University of Adelaide psychology PhD student Nadja Klafke quizzed 400 men with various types of cancer and found more than 50 per cent used complementary medicines, as well as prayer, meditation, yoga and exercise, in conjunction with conventional treatments.
She said the popularity of complementary and alternative treatments reflected the benefits – real or perceived.
“Many complementary therapies have the potential to help reduce common side effects of cancer treatment and disease symptoms,” Ms Klafke said.
“For example, acupuncture and acupressure may relieve chemotherapy-induced nausea and vomiting; hypnosis and massage are beneficial for cancer-related pain; and meditation and relaxation techniques can relieve fatigue.”
The study found dietary supplements were the most common natural therapy used by men suffering cancer.
Prayer was identified as the second most popular alternative therapy, while herbs and botanicals ranked third.
Ms Klafke said the study suggested many men were turning to alternative options because they were either dissatisfied with the results from conventional medical treatments or were being pressured by their spouse or family to try something different.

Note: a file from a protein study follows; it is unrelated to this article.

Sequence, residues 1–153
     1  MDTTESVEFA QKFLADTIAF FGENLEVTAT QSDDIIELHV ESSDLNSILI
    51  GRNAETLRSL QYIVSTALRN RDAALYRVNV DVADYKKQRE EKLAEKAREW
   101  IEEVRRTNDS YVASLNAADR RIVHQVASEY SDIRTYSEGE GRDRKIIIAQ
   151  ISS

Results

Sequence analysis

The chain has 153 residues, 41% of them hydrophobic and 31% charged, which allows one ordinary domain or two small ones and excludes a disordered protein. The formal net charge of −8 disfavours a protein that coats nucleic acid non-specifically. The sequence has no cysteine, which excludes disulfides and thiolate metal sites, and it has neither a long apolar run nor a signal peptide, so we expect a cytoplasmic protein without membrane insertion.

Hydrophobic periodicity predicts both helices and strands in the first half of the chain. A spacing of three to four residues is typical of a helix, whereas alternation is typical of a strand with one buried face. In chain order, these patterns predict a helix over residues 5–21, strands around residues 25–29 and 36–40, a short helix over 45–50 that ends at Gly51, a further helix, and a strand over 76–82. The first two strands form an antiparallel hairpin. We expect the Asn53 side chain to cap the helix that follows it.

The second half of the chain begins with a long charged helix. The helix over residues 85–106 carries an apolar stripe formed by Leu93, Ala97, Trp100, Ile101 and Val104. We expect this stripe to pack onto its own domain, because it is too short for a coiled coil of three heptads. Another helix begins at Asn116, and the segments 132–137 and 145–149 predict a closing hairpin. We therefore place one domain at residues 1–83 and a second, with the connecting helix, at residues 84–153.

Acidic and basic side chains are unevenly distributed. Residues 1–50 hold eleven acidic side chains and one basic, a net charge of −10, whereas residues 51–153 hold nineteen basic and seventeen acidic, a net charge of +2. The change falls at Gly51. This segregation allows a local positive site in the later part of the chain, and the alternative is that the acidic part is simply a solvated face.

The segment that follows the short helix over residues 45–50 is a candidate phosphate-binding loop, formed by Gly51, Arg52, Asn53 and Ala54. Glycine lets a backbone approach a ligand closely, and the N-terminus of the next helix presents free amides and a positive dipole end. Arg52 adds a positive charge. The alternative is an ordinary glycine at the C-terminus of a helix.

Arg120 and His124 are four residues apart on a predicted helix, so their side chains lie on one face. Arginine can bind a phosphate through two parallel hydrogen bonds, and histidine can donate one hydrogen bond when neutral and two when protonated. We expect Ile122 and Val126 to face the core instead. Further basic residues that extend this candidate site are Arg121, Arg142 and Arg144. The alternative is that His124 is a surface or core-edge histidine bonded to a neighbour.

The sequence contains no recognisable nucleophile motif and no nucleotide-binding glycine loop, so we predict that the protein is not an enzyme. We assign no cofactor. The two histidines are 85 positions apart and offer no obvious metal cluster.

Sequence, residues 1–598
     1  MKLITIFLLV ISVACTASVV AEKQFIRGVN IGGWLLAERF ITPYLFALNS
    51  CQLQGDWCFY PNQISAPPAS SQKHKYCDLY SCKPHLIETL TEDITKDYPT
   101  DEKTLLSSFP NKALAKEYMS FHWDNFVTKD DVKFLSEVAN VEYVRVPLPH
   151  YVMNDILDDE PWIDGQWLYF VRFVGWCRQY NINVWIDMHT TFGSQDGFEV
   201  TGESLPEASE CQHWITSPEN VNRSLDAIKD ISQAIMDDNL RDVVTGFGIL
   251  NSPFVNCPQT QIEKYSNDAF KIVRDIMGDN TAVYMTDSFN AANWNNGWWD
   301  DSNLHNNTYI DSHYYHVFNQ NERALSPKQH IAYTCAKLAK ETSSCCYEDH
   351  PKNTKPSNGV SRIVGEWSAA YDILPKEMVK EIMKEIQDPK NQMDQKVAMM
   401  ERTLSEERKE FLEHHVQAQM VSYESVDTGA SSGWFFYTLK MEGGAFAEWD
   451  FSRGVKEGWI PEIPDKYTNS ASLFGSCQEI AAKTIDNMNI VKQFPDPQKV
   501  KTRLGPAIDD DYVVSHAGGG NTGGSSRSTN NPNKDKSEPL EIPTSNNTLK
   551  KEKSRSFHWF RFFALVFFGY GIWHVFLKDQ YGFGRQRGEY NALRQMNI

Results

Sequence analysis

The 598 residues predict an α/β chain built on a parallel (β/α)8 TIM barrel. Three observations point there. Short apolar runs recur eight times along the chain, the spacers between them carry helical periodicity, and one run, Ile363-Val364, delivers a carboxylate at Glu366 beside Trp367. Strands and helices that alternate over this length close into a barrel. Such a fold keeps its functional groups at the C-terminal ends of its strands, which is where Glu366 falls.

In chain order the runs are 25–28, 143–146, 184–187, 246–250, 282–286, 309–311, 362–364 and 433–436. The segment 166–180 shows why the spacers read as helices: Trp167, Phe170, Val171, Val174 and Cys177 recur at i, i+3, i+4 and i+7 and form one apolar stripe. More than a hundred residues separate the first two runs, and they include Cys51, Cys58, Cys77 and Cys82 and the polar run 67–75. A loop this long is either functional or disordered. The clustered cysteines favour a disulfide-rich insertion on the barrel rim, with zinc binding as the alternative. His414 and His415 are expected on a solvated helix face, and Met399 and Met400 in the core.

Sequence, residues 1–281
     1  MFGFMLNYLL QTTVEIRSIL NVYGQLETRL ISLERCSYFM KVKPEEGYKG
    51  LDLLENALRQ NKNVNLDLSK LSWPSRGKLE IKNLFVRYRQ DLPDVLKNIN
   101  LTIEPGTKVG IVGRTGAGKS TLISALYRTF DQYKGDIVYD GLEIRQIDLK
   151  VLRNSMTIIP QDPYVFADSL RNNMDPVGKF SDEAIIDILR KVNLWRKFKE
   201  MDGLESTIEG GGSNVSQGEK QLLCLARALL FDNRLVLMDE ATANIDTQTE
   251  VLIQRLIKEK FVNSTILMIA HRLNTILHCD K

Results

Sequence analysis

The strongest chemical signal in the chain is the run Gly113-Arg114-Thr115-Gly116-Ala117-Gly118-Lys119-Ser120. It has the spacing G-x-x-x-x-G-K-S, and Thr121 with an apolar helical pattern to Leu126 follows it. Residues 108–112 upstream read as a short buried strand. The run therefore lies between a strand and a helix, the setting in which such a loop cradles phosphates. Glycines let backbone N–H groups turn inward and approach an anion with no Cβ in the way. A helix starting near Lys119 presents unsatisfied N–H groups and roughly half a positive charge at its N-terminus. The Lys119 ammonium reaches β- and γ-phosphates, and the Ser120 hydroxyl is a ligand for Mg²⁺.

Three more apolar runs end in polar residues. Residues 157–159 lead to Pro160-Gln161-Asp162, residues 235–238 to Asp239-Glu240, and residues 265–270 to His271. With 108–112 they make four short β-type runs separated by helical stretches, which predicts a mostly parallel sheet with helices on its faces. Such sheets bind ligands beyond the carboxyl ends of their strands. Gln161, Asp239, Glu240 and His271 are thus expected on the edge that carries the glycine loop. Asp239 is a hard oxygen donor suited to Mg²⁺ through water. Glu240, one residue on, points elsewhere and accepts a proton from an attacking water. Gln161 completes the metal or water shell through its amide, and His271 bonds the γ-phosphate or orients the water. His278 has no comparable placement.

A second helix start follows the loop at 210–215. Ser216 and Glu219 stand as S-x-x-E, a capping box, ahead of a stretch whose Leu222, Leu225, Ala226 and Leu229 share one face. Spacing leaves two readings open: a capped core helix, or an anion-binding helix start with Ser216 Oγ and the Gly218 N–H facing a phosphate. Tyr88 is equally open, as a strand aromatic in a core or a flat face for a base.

It also found that most oncologists were not aware that their male cancer patients used alternative treatments in conjunction with conventional medicine.
“It would definitely be worth clinicians having an open discussion with their patients about the efficacy and safety of complementary and alternative medicine,” she said.
“A better understanding of the role, reasons for use and the benefits of complementary and alternative medicine may lead to more holistic approaches to care.”